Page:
Background. The increased incidence of diseases, including metabolic syndrome and infertility, may be related to exposure to the mixture of chemicals, which are ubiquitous in the modern environment (environmental chemicals, ECs). Xeno-detoxification occurs within the liver which is also the source of many plasma proteins and growth factors and plays an important role in the regulation of homeostasis. Objectives. The objective of this study was to investigate the effects of ECs on aspects of liver function, in a well characterized ovine model of exposure to a real-life EC mixture. Methods. Four groups of sheep (n=10-12/sex/treatment) were maintained long-term on control or sewage sludge-fertilized pastures: from conception to culling at 19 months of age in females and from conception to 7 months of age and thereafter in control plots until culling at 19 months of age in males. Environmental chemicals were measured in sheep livers and RNA and protein extracts were assessed for exposure markers. Liver proteins were resolved using 2D differential in-gel electrophoresis and differentially expressed protein spots were identified by liquid chromatography / tandem mass spectroscopy. Results. Higher levels of polycyclic aromatic hydrocarbons (PAHs) and lower levels of polychlorinated biphenyls (PCBs) in the livers of control males compared to control females indicated sexually dimorphic EC body burdens. Increased levels of the PAHs Benzo[a]anthracene and chrysene and reduced levels of PCB 153 and PCB 180 were observed in the livers of continuously exposed females. EC exposure affected xenobiotic and detoxification responses and the liver proteome in both sexes and included major plasma secreted and blood proteins, and metabolic enzymes whose pathway analysis predicted dysregulation of cancer-related pathways and altered lipid dynamics. The latter were confirmed by a reduction in total lipids in female livers and up-regulation of cancer-related transcript markers in male livers respectively by sewage sludge exposure. Conclusions. Our results demonstrate that chronic exposure to ECs causes major physiological changes in the liver, likely to affect multiple systems in the body and which may predispose individuals to increased disease risks.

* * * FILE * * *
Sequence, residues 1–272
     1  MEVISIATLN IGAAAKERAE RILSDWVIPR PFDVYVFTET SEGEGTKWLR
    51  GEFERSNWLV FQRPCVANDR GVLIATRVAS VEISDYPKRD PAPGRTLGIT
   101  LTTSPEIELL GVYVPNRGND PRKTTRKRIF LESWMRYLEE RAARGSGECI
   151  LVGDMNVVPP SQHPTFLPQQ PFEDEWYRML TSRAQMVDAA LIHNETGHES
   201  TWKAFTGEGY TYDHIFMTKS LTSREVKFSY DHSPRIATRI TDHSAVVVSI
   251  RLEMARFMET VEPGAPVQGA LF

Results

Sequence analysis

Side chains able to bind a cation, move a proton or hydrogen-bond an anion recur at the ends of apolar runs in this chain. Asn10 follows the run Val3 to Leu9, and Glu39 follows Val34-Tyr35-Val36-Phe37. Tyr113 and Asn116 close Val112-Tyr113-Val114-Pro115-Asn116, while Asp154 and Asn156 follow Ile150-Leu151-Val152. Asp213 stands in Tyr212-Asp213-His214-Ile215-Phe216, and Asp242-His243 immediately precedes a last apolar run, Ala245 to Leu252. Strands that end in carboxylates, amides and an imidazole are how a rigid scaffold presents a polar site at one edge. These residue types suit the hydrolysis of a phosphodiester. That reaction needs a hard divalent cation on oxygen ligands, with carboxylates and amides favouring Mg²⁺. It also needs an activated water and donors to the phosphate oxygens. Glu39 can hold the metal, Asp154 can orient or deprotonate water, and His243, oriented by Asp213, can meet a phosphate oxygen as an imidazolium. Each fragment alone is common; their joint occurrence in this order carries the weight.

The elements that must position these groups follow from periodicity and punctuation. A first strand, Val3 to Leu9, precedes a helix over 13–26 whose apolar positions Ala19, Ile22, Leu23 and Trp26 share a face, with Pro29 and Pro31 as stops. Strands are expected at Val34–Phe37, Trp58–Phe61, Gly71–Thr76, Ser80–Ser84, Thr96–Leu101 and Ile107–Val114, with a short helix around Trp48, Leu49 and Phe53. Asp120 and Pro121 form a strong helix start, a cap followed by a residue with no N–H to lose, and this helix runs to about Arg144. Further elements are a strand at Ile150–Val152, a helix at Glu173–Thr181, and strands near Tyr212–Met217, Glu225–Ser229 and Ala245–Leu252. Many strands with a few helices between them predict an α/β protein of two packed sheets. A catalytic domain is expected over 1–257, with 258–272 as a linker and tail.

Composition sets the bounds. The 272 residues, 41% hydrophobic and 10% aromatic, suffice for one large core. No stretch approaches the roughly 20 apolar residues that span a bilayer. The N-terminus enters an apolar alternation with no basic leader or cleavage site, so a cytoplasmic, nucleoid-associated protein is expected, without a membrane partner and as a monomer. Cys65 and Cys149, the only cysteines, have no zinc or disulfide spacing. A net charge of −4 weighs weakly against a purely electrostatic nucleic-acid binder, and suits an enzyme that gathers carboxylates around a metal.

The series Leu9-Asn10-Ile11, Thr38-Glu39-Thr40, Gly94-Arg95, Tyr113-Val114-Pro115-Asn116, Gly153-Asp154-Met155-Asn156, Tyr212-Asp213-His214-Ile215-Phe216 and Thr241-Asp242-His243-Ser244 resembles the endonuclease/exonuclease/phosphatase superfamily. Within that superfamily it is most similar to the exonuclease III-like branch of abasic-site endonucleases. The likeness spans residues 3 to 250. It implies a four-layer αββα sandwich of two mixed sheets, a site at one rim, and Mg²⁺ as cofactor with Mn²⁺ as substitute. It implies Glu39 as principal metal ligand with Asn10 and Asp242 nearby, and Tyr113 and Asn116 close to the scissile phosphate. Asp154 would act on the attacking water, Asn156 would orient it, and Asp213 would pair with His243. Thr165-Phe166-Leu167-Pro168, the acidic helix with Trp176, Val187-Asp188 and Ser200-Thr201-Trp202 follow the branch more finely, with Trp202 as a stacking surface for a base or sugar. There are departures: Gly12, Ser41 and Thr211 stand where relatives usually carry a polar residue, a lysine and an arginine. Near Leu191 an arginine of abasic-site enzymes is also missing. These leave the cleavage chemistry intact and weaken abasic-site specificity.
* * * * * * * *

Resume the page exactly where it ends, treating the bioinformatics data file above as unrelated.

- environmental exposure
- sewage sludge